The Senate should expect unequivocal and explicit commitments from Mr. Barr to resist President Trump. Mr. Barr cannot merely give perfunctory boiler page assurances. Saying “I’m for transparency” is not good enough. Will he release Mueller’s report? Yes or No? If he can’t answer yes he doesn’t deserve the position. Will he not interfere in any way with Mueller’s investigation, as opposed to saying he likes Mueller and thinks he’s doing a good job? If Mr. Barr can’t say yes – that he won’t interfere in anyway with the Mueller investigation – he doesn’t deserve the job. Particularly in light of his writings.
We should expect unequivocal commitments from Barr to defend the integrity of the FBI and our federal law enforcement officers. Not vague statements that give him plenty of wiggle room to do President Trump’s dirty work if he gets to be Attorney General.
And we should expect an unequivocal commitment from Mr. Barr to allow the special investigation to proceed and conclude without any – underline any – interference.
One last point: the expectations for Mr. Barr are even more demanding given the recent revelation that he wrote a detailed, unsolicited memo to the Justice Department criticizing the Mueller investigation, despite having no knowledge of its workings. The memo revealed that Barr holds an astonishingly broad – almost imperial -- view of executive power. That should also be a serious line of inquiry for our colleagues on the Judiciary Committee.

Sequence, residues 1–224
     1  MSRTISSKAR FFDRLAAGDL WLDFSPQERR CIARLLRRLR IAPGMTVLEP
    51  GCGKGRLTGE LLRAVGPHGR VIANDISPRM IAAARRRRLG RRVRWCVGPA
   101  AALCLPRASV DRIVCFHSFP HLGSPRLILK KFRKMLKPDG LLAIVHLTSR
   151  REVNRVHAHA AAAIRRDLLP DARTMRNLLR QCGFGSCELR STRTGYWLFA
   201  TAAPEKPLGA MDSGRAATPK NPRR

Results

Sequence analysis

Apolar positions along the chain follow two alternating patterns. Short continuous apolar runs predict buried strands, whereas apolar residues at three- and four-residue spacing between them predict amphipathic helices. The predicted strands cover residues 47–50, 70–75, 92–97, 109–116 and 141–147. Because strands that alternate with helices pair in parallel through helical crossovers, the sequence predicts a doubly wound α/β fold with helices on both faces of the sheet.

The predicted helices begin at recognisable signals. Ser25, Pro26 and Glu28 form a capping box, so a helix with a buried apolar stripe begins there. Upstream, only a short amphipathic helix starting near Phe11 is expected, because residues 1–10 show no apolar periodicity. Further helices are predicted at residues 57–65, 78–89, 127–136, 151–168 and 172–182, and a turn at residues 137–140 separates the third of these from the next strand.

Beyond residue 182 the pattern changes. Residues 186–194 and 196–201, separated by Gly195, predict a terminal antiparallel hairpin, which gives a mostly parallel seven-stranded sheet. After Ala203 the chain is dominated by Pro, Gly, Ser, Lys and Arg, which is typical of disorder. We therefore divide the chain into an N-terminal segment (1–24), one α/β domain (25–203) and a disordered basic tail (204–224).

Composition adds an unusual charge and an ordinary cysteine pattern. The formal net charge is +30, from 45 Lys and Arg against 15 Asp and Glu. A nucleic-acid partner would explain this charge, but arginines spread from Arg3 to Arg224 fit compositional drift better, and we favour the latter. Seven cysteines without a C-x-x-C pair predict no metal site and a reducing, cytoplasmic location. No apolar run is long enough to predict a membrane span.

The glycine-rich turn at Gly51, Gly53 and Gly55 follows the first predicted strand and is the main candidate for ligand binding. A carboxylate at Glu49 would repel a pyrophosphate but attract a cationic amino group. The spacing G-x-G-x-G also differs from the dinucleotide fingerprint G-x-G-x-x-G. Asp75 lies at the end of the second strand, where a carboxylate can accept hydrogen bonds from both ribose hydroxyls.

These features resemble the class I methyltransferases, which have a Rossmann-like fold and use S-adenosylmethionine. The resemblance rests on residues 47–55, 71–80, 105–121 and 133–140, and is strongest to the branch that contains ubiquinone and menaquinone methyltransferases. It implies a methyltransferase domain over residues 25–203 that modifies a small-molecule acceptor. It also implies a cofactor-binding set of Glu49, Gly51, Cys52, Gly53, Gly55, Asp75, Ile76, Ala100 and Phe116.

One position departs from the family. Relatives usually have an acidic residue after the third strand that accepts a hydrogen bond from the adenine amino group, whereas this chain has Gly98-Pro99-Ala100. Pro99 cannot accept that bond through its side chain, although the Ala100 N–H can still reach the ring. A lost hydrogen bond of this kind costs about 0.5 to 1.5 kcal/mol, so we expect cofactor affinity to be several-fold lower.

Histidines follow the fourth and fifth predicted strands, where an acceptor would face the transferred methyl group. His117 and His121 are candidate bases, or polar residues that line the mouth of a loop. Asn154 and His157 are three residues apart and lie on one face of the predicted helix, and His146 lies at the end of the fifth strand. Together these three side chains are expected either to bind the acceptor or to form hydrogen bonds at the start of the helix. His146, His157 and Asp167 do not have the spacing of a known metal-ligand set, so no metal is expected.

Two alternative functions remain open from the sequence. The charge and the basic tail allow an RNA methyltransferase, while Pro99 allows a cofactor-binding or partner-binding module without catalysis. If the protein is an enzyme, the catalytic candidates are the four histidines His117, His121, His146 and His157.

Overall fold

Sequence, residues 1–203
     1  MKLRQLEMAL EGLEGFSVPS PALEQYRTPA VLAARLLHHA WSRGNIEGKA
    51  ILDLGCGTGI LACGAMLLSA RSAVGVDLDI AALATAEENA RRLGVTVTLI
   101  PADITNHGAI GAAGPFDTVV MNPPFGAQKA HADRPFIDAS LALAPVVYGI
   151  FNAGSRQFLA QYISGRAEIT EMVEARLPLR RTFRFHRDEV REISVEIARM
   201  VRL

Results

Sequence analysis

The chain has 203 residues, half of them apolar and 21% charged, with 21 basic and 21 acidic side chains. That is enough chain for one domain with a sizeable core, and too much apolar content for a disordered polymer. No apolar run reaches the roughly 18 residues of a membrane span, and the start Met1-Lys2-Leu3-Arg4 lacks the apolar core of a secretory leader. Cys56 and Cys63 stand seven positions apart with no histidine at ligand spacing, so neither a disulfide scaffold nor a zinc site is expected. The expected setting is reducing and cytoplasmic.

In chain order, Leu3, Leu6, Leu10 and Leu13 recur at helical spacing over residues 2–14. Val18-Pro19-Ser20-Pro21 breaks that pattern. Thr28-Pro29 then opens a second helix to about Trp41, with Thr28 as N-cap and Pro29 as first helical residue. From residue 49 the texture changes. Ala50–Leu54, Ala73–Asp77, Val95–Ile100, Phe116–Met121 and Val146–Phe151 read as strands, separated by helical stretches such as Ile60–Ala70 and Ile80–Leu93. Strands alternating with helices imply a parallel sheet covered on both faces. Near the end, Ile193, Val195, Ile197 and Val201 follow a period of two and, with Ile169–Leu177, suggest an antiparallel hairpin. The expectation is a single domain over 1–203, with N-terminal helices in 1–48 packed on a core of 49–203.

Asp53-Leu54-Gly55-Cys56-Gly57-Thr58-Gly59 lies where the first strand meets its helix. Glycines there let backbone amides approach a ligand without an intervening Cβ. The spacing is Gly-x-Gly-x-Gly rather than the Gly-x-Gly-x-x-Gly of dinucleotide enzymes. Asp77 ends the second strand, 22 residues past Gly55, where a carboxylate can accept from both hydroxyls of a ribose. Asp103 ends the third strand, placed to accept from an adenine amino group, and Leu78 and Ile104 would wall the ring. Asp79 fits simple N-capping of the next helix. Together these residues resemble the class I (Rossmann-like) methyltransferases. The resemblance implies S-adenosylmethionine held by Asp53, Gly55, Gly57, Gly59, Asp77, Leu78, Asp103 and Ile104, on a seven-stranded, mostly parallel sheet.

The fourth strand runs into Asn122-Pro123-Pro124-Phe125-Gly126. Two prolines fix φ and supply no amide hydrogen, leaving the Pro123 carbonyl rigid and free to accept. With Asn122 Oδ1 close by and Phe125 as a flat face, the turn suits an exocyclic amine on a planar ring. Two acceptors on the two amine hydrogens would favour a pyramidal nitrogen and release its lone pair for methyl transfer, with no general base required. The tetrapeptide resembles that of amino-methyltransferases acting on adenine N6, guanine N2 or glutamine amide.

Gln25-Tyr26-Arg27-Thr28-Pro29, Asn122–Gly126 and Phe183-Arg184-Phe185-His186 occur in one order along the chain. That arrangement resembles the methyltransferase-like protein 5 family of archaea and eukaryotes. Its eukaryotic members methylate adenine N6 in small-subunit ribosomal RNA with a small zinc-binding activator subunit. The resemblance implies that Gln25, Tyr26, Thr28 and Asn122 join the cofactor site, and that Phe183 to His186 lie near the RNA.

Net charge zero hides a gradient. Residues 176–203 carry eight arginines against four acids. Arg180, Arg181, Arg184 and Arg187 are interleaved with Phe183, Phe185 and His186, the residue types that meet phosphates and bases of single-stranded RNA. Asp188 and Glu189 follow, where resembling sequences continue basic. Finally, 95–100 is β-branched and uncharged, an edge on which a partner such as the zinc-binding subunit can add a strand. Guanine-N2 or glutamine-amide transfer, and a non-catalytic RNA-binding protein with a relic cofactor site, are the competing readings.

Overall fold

The next Attorney General will take charge of a Justice Department that has been embroiled in near-constant chaos for two years, at a critical moment for our democracy. The Senate should only approve an Attorney General of unimpeachable integrity, unimpeachable fidelity to the rule of law, with the strength and conviction to resist the worst impulses of the president — who, when it comes to the Justice Department, has probably the worst impulses of any president we’ve ever had.
Finally, on Russia sanctions. Later this afternoon, the Senate will move to consider a motion to proceed to a resolution of disapproval on the Treasury Department’s proposal to relax sanctions on three companies owned and controlled by sanctioned Russian oligarch Oleg Deripaska.
The case against the Treasury Department’s proposal is strong. It fails to sufficiently limit Deripaska’s stake in the three companies. It merely reduces his ownership to 45%. Many US companies are heavily influenced by an owner who controls much less than a 45% share. Why didn’t they reduce it to 10 or 15? But they didn’t. Treasury’s plan also allows for Russian shareholders with family and business ties to Deripaska to retain shareholder interest! Considering Deripaska’s ex-wife and father-in-law control 7% of the company – add that to the 45, he’s got total control. So Treasury does not come close to going far enough.